However, in response to a memorandum from the White House earlier today extending the wind-down period for Liberian DED for an additional 12 months and advancing the termination date to March 31, 2020, the plaintiffs withdrew the motion for a preliminary injunction during today’s hearing and the lawsuit will continue in its normal course.
The lawsuit is brought by the Lawyers’ Committee for Civil Rights, Lawyers for Civil Rights Boston, and Dechert LLP on behalf of fifteen Liberian immigrants and their family members with DED status, African Communities Together (ACT) and the UndocuBlack Network and was filed in the U.S. District Court for the District of Massachusetts on March 8, 2019. It challenges President Trump’s March 27, 2018 decision to end DED for Liberians.
Ten attorneys general from California, Illinois, Maryland, New Jersey, New York, Rhode Island, Virginia, and the District of Columbia, led by Attorney General Keith Ellison of Minnesota and Attorney General Maura Healey of Massachusetts, also filed an amicus brief on March 25, 2019 in support of the suit.
The plaintiffs welcomed the announcement, which will provide temporary relief to as many as 4,000 Liberian DED holders who faced the threat of imminent loss of legal status and deportation. However, they affirmed their commitment to carrying on the legal challenge to termination of DED and advocating for Congress to grant permanent status to DED holders, TPS recipients and DREAM-eligible immigrants.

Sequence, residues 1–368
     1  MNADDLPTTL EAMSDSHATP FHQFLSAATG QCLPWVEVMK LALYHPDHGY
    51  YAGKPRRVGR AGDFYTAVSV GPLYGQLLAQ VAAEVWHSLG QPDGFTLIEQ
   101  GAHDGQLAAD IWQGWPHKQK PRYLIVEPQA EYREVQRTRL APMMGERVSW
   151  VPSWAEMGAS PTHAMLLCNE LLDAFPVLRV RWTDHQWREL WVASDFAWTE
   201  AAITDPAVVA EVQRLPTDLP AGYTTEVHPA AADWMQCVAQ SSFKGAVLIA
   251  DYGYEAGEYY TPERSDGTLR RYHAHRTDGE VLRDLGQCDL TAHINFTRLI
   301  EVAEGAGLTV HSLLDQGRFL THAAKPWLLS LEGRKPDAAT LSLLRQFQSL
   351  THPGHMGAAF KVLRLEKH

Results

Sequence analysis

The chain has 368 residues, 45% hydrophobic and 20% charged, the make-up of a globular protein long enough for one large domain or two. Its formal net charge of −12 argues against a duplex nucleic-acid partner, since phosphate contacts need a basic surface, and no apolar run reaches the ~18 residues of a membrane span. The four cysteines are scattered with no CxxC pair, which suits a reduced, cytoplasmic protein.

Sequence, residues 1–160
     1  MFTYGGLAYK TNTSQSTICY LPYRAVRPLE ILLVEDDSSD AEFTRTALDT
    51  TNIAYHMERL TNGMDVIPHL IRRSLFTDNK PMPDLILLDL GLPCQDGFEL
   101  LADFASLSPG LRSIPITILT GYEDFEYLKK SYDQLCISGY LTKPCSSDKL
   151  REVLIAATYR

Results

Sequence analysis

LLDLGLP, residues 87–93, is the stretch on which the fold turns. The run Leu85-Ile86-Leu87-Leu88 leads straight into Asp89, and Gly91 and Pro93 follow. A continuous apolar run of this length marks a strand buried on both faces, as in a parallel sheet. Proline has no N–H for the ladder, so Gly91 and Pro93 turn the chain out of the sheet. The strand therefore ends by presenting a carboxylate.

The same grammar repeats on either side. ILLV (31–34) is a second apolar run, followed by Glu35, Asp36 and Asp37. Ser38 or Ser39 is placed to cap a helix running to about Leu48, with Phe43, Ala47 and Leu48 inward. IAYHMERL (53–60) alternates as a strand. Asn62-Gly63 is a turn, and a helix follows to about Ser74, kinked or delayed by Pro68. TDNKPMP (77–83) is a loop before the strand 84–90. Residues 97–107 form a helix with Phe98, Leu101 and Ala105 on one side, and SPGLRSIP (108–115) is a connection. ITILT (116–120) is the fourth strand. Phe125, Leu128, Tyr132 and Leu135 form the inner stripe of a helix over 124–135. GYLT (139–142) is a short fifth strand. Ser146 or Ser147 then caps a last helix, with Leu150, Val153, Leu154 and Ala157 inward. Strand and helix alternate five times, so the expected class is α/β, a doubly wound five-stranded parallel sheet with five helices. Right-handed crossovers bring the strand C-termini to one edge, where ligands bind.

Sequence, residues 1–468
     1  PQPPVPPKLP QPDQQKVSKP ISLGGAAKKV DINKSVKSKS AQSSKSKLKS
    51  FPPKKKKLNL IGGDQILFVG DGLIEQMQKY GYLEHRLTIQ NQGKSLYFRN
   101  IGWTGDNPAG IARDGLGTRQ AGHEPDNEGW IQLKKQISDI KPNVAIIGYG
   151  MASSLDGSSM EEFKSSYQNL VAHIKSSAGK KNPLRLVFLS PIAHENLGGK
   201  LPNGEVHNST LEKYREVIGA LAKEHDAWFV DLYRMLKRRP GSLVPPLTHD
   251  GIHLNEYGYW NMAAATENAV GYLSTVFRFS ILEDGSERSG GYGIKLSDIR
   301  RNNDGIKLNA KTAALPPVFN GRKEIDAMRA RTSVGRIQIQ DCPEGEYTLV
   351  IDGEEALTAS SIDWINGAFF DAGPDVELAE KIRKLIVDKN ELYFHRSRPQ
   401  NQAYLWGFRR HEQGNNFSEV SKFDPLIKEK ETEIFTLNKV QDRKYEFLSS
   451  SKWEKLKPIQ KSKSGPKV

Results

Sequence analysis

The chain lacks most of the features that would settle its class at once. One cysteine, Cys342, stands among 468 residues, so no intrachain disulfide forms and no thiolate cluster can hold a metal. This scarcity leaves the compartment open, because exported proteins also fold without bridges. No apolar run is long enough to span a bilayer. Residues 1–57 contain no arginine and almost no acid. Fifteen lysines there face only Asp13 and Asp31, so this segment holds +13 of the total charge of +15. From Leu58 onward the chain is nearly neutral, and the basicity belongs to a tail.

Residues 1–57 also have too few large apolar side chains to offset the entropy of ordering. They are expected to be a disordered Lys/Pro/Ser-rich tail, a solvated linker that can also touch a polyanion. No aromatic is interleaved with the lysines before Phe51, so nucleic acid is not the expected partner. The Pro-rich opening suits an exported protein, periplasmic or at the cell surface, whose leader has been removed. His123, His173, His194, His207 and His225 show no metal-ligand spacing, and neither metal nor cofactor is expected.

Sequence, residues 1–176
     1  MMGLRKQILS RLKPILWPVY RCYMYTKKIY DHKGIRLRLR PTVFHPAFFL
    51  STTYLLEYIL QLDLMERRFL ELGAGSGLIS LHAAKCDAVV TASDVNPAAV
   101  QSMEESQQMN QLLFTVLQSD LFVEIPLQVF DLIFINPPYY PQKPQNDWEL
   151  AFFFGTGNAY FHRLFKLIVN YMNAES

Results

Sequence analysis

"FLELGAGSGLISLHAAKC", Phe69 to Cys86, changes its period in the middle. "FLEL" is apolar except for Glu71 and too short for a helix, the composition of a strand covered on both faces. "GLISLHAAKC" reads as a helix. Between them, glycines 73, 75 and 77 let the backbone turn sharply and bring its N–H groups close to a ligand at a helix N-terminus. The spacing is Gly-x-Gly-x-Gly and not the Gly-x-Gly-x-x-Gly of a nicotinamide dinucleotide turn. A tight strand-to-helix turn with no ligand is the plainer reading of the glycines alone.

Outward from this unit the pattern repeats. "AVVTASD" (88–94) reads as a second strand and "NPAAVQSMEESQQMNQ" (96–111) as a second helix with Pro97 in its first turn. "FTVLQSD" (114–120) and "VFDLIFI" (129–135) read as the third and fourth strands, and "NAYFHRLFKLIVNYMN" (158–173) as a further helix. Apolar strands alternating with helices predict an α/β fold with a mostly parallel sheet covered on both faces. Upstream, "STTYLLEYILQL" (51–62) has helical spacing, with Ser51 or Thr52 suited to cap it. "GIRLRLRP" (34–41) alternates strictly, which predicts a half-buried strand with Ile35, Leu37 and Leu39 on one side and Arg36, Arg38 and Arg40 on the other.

“Our suspicions and doubts about why the Trump administration ended DED last year have not shifted. The president has repeatedly expressed disgust, contempt and outright prejudice against all immigrants and Black immigrants particularly. Therefore, we will carry on with this suit and are determined to uncover what and how decisions were made to upend the lives of thousands of Liberians across the country.” Patrice Lawrence, Policy and Advocacy Director, UndocuBlack Network
“Despite the welcome news of the extension, there are still serious questions that need to be answered about why the White House terminated the program when and how they did, especially considering some of the statements in their own memo extending the deadline. And we're mindful that this is only a one-year extension- DED is still terminated. It took the concerted pressure from this lawsuit, members of Congress, and a wide range of community advocates to secure this win. We need to keep that pressure up.” Amaha Kassa, Executive Director, African Communities Together.
“While we are elated to see the extension of DED for another year; we will continue this fight through every avenue until Liberians are safe. We will see this lawsuit through the end and we will simultaneously fight in Congress to pass a bill, continue to uplift the voices of DED holders in the media and continue to build power on the streets. We are grateful to everyone who joined our call to action, amplified our demands, supported our leadership and believed in our vision.” Jonathan Jayes-Green, Co-Founder and Director, UndocuBlack Network
March 28th, 2018
For Immediate Release
Washington, DC - After living in fear of losing their families, homes, and communities, Liberians with Deferred Enforced Departure (DED) can breathe again today. The presidential decree ending their status on March 31, 2019 has been extended for one year to March 31, 2020. This gives Congress time to act, and Congress must act now.
Liberian DED holders have been at the center of this fight. For years, they have advocated for themselves and their families, they have bravely shared their personal stories, filed a lawsuit to protect themselves and continue to build power with each other.